Well you'd need a massively large group to control all the archaeologists, other scientists and looters involved in this so I think we can dismiss your 'small group', simply impossible.

'Universal knowledge', I think that might be man's innate cleverness



posted on Feb, 28 2012 @ 11:53 AM
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Originally posted by casenately
wow, nice find.

I love this sort of find that pushes the origin of cultures farther back than accepted archeology would like to admit.

Actually, the archaeologists believe cultures originated several million years ago -- but they weren't advanced, city-dwelling cultures. And there's some evidence that humans were in America some 20,000 years ago.


They just have to push back another couple thousand of years and they start to be correct. I´d say at least 50 thousand years or so. Just to start.

Even Australopithecus had organized cultures at a family and small group level, according to archaeologists.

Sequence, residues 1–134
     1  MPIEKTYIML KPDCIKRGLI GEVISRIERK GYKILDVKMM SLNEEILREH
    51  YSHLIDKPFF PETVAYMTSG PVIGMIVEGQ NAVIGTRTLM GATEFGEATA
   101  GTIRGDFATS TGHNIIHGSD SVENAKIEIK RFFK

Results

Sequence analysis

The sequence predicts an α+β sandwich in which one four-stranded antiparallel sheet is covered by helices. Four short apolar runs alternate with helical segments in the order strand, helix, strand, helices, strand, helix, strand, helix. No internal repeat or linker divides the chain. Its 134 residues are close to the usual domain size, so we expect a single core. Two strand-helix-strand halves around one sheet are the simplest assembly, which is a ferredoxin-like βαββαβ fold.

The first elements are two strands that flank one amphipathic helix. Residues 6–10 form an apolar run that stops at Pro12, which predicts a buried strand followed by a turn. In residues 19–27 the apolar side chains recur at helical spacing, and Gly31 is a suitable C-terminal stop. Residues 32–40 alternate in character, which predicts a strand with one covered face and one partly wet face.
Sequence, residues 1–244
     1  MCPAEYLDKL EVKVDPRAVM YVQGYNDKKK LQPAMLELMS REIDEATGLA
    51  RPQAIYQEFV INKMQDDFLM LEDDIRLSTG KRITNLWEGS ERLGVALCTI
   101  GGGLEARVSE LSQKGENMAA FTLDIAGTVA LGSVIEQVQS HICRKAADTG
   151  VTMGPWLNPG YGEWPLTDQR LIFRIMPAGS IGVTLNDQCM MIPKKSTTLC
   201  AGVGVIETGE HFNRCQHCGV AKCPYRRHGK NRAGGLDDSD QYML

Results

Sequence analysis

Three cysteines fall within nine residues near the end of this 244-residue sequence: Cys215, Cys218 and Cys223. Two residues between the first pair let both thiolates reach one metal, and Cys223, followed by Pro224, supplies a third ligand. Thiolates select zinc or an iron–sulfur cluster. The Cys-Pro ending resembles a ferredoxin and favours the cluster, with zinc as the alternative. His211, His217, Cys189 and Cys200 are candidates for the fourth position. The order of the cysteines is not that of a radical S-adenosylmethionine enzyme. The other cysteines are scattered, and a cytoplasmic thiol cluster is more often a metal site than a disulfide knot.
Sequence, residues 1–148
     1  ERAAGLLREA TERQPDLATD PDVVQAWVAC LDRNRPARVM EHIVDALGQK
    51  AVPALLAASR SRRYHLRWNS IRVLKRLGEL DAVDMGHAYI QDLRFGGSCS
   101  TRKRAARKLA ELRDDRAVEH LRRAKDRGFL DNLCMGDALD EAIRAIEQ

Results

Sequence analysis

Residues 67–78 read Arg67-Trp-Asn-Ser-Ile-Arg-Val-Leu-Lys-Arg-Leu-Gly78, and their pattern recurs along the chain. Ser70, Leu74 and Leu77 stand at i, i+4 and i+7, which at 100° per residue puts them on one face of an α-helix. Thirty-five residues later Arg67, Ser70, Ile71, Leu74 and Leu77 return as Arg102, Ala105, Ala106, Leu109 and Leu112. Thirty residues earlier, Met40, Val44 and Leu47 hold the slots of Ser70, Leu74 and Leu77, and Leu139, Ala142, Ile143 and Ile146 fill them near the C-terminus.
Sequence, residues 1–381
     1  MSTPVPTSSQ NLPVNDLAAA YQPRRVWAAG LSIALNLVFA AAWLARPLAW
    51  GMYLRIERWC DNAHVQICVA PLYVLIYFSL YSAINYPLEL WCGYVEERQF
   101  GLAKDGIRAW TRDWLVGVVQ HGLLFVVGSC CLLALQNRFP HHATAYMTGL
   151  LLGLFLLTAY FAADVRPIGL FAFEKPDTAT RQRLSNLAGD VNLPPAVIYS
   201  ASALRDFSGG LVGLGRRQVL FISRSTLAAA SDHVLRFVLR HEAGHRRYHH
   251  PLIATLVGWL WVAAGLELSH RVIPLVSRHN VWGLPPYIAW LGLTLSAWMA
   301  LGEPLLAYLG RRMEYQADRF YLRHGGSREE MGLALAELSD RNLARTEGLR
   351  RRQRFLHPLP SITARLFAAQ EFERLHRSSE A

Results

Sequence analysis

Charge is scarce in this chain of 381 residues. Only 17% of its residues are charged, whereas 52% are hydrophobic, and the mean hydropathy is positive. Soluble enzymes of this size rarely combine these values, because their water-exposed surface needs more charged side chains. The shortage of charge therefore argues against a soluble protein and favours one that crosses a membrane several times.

posted on Feb, 28 2012 @ 05:13 PM
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reply to post by Hanslune
 


Trying to respond your questions.

2 great examples would be Tiwanaku and Nazca. Pointless to post pics or videos. Another example that makes me think that way is the Hatunrumiyoc (12 angles stone).

enperublog.com...

Regarding aliens, you have to excuse me. To go deeper would be out of topic.
edit on 28-2-2012 by Trueman because: (no reason given)



posted on Feb, 29 2012 @ 03:02 PM
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Originally posted by Trueman
reply to post by Hanslune
 


Trying to respond your questions.

2 great examples would be Tiwanaku and Nazca. Pointless to post pics or videos. Another example that makes me think that way is the Hatunrumiyoc (12 angles stone).



Sorry Trueman I must have missed this earlier

There is nothing there out of context, out of line with our historical chronology - except of course they were thousands of years behind the old world. Good masonry takes skill and time, the Killke and Incan probably had both. Nasca just requires imagination and moving (a lot of) small rocks

I would associate that with rosaries, pilgrimages and other historic actions
edit on 29/2/12 by Hanslune because: (no reason given)



posted on Feb, 29 2012 @ 04:19 PM
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reply to post by Hanslune
 


About Nazca, I believe it took a lot of skills. I've been there many years ago, when there were less restrictions. I was so close that I touched the stones. I got to tell you, I was like
first, then I end like

edit on 29-2-2012 by Trueman because: (no reason given)